Cassidy Blake #2
Supernatural, Paranormal, Middle Grade
Scholastic Press; September 3, 2019
304 pages (ebook) 5 hr 5 min (audio)
3.5 / 5 ✪
Trouble is haunting Cassidy Blake… even more than usual.
Thus begins Tunnel of Bones, the second Cassidy Blake story, following up City of Ghosts in 2018. Fresh out of Edinburgh, where she tangled with the Red Raven, a spectral lady with aims of becoming flesh reborn. She also met Lara, a girl that can also see and interact with the dead, and whom lets Cassidy in on a little secret. That they must use their power to send the ghosts on, lest they linger in our world and become a danger to it. Enter Paris: one of the most haunted cities in the world.
Not above ground—but below, in the catacombs, ghosts crowd the tunnels, haunting everything and everyone in reach. Fresh into Paris, Cassidy and her parents venture below, filming an episode for their TV show while Cassidy tags along, attempting very hard to slip between the Veil as soon as she’s able. And slip she does. While in the spirit world, Cassidy runs across more than she was prepared for, awakening a very powerful spirit who proceeds to follow her across the Veil.
Thus begins a cat-and-mouse haunting in the center of Paris—where Cassidy is most certainly not the cat. And as a cat, it delights in toying with her, breaking things, and sleeping in the sun. Well… two of those, anyway.
After speaking to Lara, she determines that the spirit is a poltergeist—a ghost of immense power and potential—something that remembers neither who it was nor how it died. Two things Cassidy must discern in order to stop it. And stop it she must—in only a few days. Otherwise, while Cassidy Blake will leave Paris behind, the poltergeist will always remain her problem, her doing, her mistake. And she will have to live with the consequences.
I was torn on City of Ghosts, which I found lacking polish, drama, and shine. I found it rather bland, uninteresting, and short. Tunnel of Bones had more character, polish, but was still short. There’s only so good a story can get in five hours. But Tunnel of Bones surely gets better, quicker than City of Ghosts. To compare the two: Bones had more polish, more charm, more character. Though neither provided the length, the thrill, the immersion that I like in a story.
Again, I found the actual ghost-hunting itself a little bland. Dismissing a poltergeist proved to be more interesting than the Red Raven, but only just. There was no boss-fight (not that I expected one), very little detective work (though there was some), and too much chocolate (only because I can’t eat any). Pretty much like an episode of Danny Phantom—short, less than very thrilling, and over before you realized there was a plot. Was better than the first, though, so it was a step in the right direction.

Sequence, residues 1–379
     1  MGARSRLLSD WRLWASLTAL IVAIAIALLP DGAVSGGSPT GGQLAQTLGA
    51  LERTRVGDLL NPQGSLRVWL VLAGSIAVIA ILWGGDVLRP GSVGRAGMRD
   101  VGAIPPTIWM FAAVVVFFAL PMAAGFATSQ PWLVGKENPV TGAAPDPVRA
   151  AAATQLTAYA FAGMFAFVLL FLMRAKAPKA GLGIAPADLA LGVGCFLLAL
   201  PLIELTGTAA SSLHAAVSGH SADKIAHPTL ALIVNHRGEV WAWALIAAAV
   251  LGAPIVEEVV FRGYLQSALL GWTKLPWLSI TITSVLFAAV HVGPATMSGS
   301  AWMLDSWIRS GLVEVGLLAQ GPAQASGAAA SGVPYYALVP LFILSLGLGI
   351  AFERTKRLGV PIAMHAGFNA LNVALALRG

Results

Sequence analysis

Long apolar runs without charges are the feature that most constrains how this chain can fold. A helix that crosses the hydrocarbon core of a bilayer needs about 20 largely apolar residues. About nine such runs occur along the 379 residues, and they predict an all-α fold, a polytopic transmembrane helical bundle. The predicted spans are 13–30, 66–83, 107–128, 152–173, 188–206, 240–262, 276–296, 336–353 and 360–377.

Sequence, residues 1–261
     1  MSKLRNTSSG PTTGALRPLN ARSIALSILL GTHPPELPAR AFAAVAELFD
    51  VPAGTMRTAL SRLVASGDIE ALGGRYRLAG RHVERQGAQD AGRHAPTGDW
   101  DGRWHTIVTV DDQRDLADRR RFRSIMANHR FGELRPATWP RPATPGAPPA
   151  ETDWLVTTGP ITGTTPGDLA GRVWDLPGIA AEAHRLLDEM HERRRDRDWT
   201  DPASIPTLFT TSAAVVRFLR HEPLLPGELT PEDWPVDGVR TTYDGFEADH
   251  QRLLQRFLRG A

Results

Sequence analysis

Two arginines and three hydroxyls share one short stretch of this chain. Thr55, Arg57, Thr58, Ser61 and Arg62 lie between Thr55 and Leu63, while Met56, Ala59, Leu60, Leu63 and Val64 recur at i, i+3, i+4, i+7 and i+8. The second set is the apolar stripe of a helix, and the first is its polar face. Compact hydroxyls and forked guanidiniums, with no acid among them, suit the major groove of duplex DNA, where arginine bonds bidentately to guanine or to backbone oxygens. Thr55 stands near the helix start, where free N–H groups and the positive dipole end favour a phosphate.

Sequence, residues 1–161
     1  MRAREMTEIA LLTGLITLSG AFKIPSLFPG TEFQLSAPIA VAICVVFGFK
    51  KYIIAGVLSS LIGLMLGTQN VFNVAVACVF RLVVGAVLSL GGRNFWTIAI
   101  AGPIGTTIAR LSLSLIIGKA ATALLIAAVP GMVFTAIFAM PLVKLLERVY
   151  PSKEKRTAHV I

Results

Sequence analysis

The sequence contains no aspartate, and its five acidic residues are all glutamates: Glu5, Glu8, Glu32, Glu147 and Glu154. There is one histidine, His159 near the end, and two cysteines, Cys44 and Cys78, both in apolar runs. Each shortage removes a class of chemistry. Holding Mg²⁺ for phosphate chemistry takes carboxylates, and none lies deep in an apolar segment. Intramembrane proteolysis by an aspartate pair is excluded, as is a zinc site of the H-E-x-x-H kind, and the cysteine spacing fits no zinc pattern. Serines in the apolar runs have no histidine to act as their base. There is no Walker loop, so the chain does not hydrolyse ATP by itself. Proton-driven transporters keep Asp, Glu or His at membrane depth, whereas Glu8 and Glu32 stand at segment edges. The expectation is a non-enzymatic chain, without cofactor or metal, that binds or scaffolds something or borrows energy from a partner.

Jacob is… bland. Lara—who was a cynical, pompous brat in City of Ghosts—actually fleshes out some in this entry. She actually seemed a real person over Bones, something that I did not expect. Something that pleased and encouraged me. Actually may’ve been my most favorite element of the book itself. But while it was something, it was little enough as development goes. Not that there is much character development to speak of, but between the two books there is a little, and Lara accounts for most of it. Cassidy commands the remainder. Jacob… okay, I know he’s a ghost and all, but I would’ve liked to see something out of him. Schwab tries to nudge him toward it in the end, but it’s too little, too late by that point. Might set something up for the third book, but does nothing for the first two. Jacob is actually a little like an imaginary friend; there’s no change, no development—he’s consistent, for better or worse.
There’s one particular event that I need to harp on: late in the book, Cassidy literally mugs a ghost and steals his clothes to disguise Jacob—something that makes no actual sense. We’ve established that ghosts manifest beyond the Veil following their death, and that how they appear in death is directly related to both who they were in life and how they died. It’s their sense of self, basically. One cannot steal someone else’s sense of self and wear it around. And it’s an important plot-point, somehow! If an absolutely ridiculous one.
Audio Note: Reba Buhr is a solid narrator throughout the book. I wouldn’t read the series entirely to hear her voice, but it’s not like it ruined the reading or anything. She was a talented, interesting narrator who enunciated and pronounced everything quite well—both in English and French.
For better or worse, Tunnel of Bones continues on the same path City of Ghosts started, albeit with more polish and shine. There’s even a bit of character development, though not nearly enough. It looks like we’re going to continue in this vein—an episodic, city-to-city, traveling ghost-hunting show. There’s an overarching plot, but it’s thin; as befits a kids’ book, I suppose. Each book so far has shown its own subplot, which has been raced through in the (5 hours of) allotted time. Going forward, I would like to see a little more effort, a little more adventure, a little more intrigue, a little more legwork, and a little… MORE. While Tunnel of Bones is likely better than the original, it still leaves much to be desired. But in terms of readability—it’s good enough; a decent read, that does just enough but little more.
The series continues with Bridge of Souls, expected out in March of 2021.
By some amazing coincidence, I’ve posted this exactly one year after my review of the first one. Huh, weird.